Deep Collective Matrix Factorization (dCMF)
Learning by integrating multiple heterogeneous data sources is a common requirement in many tasks. Collective Matrix Factorization (CMF) is a technique to learn shared latent representations from arbitrary collections of matrices. It can be used to simultaneously complete one or more matrices, for predicting the unknown entries. Classical CMF methods assume linearity in the interaction of latent factors which can be restrictive and fails to capture complex non-linear interactions. In this paper, we develop the first deep-learning based method, called dCMF, for unsupervised learning of multiple shared representations, that can model such non-linear interactions, from an arbitrary collection of matrices. We address optimization challenges that arise due to dependencies between shared representations through Multi-Task Bayesian Optimization and design an acquisition function adapted for collective learning of hyperparameters. Our experiments show that dCMF significantly outperforms previous CMF algorithms in integrating heterogeneous data for predictive modeling. Further, on two tasks – recommendation and prediction of gene-disease association – dCMF outperforms state-of-the-art matrix completion algorithms that can utilize auxiliary sources of information. …

ABCD-Strategy
Determining the causal structure of a set of variables is critical for both scientific inquiry and decision-making. However, this is often challenging in practice due to limited interventional data. Given that randomized experiments are usually expensive to perform, we propose a general framework and theory based on optimal Bayesian experimental design to select experiments for targeted causal discovery. That is, we assume the experimenter is interested in learning some function of the unknown graph (e.g., all descendants of a target node) subject to design constraints such as limits on the number of samples and rounds of experimentation. While it is in general computationally intractable to select an optimal experimental design strategy, we provide a tractable implementation with provable guarantees on both approximation and optimization quality based on submodularity. We evaluate the efficacy of our proposed method on both synthetic and real datasets, thereby demonstrating that our method realizes considerable performance gains over baseline strategies such as random sampling. …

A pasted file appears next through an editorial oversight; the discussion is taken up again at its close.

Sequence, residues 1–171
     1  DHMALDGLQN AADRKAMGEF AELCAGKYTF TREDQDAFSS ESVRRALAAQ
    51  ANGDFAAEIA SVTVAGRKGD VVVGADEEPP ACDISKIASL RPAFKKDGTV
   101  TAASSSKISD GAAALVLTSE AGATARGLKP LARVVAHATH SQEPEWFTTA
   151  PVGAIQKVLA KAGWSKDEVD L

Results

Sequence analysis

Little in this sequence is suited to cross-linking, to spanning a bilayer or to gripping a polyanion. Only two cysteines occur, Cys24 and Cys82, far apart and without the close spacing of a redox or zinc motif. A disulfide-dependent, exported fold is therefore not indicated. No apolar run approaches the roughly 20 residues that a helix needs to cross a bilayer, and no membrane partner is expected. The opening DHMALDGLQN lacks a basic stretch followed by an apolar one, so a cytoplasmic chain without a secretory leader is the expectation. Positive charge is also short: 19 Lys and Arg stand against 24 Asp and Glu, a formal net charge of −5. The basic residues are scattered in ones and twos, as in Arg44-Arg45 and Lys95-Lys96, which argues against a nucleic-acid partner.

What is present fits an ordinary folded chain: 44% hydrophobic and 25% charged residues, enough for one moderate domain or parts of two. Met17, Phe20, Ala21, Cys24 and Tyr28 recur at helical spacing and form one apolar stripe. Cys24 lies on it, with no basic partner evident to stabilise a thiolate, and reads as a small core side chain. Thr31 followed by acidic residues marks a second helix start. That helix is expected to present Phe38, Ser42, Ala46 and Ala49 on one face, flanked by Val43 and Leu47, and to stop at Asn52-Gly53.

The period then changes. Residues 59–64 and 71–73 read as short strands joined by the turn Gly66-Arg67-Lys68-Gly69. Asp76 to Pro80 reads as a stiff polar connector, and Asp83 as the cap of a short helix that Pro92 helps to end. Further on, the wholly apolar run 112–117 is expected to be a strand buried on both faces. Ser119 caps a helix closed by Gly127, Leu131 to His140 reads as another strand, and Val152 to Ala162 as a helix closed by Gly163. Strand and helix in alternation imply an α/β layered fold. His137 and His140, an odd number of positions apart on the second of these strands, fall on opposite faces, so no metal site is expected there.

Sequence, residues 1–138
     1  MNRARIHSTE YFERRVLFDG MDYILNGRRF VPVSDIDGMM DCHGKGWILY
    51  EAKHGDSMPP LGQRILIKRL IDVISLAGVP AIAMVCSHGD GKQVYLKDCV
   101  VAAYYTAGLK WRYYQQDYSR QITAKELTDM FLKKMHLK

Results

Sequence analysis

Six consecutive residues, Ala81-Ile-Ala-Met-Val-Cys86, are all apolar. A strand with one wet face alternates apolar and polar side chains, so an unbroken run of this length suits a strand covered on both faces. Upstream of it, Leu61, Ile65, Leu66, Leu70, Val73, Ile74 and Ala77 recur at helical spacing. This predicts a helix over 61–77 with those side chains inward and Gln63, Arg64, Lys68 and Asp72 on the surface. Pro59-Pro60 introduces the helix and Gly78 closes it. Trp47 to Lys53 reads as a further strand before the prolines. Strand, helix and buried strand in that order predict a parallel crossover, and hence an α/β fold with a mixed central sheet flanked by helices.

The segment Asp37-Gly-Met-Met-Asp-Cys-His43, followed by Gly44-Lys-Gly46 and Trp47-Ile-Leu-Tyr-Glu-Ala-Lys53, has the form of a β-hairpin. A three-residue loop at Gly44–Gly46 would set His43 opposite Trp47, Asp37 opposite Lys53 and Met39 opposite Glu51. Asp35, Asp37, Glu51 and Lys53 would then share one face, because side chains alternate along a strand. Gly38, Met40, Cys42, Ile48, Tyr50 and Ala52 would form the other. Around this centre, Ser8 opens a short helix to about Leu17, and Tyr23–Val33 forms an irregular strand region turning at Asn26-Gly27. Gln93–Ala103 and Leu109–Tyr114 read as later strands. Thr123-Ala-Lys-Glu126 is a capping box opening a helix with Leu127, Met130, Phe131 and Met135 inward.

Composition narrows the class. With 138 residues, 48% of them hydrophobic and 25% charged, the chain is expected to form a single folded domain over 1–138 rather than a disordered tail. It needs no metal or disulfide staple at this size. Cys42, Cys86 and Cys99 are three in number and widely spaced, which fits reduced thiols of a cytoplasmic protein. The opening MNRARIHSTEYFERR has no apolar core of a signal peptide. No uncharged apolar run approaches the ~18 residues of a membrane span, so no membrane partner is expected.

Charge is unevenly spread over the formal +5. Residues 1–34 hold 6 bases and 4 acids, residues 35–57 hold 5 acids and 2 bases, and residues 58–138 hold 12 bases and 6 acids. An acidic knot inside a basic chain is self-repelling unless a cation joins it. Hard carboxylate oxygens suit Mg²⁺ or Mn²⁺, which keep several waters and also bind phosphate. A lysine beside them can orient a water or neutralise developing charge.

TritanDB
The efficient management of data is an important prerequisite for realising the potential of the Internet of Things (IoT). Two issues given the large volume of structured time-series IoT data are, addressing the difficulties of data integration between heterogeneous Things and improving ingestion and query performance across databases on both resource-constrained Things and in the cloud. In this paper, we examine the structure of public IoT data and discover that the majority exhibit unique flat, wide and numerical characteristics with a mix of evenly and unevenly-spaced time-series. We investigate the advances in time-series databases for telemetry data and combine these findings with microbenchmarks to determine the best compression techniques and storage data structures to inform the design of a novel solution optimised for IoT data. A query translation method with low overhead even on resource-constrained Things allows us to utilise rich data models like the Resource Description Framework (RDF) for interoperability and data integration on top of the optimised storage. Our solution, TritanDB, shows an order of magnitude performance improvement across both Things and cloud hardware on many state-of-the-art databases within IoT scenarios. Finally, we describe how TritanDB supports various analyses of IoT time-series data like forecasting. …

Since the discovery of adversarial examples in machine learning, researchers have designed several techniques to train neural networks that are robust against different types of attacks (most notably $\ell_\infty$ and $\ell_2$ based attacks). However, it has been observed that the defense mechanisms designed to protect against one type of attack often offer poor performance against the other. In this paper, we introduce Randomized Adversarial Training (RAT), a technique that is efficient both against $\ell_2$ and $\ell_\infty$ attacks. To obtain this result, we build upon adversarial training, a technique that is efficient against $\ell_\infty$ attacks, and demonstrate that adding random noise at training and inference time further improves performance against \ltwo attacks. We then show that RAT is as efficient as adversarial training against $\ell_\infty$ attacks while being robust against strong $\ell_2$ attacks. Our final comparative experiments demonstrate that RAT outperforms all state-of-the-art approaches against $\ell_2$ and $\ell_\infty$ attacks. …